The answer is simple. You edited it.
For writers, it is beyond crucial to have someone on the outside read your manuscripts and edit those stories for you. No, I am not just talking about the content here. I am talking about the grammar, the punctuation and the typos. You need to understand that these small errors might be the difference between some editor or agent wanting to see more and that infamous rejection letter.
So, why do we have so much difficulty editing our own work? It comes down to some pretty basic things. You are:
- Too close to the work - This one is pretty easy to understand. You have been working like crazy on your story. You know that thing inside and out. But when you know it that well, you will often breeze right through a section because you know "you just wrote that section" or "you know you spent a lot of time writing that the first time." Because you know it so well, it will also link into a lot of the other problems below.
- Too rushed - That darn deadline. Whether or not it is from an editor, a contest deadline, or a self-imposed deadline, you will often work a lot faster if you know you have to get that story turned in. Rushing through it will force you to skip sections. You might also find yourself editing the story on the computer with your finger right on that down arrow. As you edit, you will probably find yourself hitting that key even faster. The end result?? You missed mistakes
- Too tired - We all have busy lives. I get it. But if you are editing either after a marathon writing session, or editing during a time period when your brain is just not there, you will make mistakes. I know this sounds obvious, but it is true. Editing requires much more focus than you would need when writing that story. It is mindless entertainment and if you are not on your game, you will miss things.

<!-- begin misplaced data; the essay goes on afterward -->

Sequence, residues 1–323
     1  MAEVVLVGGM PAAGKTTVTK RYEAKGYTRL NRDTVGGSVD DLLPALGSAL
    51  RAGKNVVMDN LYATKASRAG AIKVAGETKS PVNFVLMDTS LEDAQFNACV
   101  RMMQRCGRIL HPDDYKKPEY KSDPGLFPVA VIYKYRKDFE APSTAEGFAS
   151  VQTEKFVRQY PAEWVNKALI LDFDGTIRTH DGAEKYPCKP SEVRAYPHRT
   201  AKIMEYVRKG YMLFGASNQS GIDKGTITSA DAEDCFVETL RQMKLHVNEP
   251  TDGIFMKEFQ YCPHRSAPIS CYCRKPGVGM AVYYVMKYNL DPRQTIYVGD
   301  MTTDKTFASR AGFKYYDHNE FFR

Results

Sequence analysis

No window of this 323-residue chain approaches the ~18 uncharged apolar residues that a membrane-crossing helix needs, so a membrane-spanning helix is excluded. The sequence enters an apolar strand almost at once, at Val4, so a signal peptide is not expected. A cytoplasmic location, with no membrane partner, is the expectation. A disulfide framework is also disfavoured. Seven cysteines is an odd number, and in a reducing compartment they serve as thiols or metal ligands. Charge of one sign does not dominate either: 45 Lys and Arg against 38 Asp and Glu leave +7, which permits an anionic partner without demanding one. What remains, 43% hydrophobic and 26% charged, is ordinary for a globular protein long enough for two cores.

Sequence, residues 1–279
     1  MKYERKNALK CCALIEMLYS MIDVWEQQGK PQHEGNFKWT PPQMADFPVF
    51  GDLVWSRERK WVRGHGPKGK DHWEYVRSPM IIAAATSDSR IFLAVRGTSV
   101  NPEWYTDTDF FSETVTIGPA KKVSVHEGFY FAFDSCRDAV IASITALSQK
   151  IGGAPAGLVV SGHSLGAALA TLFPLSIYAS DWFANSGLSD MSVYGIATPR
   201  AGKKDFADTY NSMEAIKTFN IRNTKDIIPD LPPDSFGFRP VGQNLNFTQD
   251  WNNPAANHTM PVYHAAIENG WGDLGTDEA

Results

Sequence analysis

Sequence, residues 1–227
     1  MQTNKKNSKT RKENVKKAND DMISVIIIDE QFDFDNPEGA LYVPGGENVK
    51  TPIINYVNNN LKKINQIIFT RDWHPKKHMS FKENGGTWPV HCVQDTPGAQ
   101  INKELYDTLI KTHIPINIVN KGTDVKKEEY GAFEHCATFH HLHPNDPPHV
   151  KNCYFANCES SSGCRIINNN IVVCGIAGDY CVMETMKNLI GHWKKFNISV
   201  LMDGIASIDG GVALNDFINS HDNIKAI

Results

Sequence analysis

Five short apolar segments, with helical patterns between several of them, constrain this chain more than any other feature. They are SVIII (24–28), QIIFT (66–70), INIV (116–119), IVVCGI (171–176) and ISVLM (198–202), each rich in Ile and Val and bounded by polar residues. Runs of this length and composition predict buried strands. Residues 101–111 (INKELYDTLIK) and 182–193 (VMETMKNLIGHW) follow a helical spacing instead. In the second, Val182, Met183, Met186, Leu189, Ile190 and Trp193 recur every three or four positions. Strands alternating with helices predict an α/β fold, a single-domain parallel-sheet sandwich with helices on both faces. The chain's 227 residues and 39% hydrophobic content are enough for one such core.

- Reading miscues - This one is annoying. Reading miscues are simply times when your brain doesn't want to make mistakes so it covers up the errors. These are situations when you might type the same word two times in a row and not catch it. This could be when you write "quiet" when you wanted to write "quite." When your brain sees the mistake, it simply fixes it in your head for you and you don't see it.
- Reliance on technology - This is when you are hoping that MSWord and your spell checker and grammar checker are going to catch things. You have to remember that your computer cannot read. It is simply looking for patterns in letter combinations. I should also add that the grammar checker, unless you have adjusted it on your own, is not checking for everything. In fact, the new MSWord (2013) isn't even checking for Fragments and Run-ons. Even after you set it to look for GRAMMAR AND STYLE, it will not look for those mistakes. You have to manually check the boxes. For those of you computer illiterate, you might want to talk to someone who can walk you through it.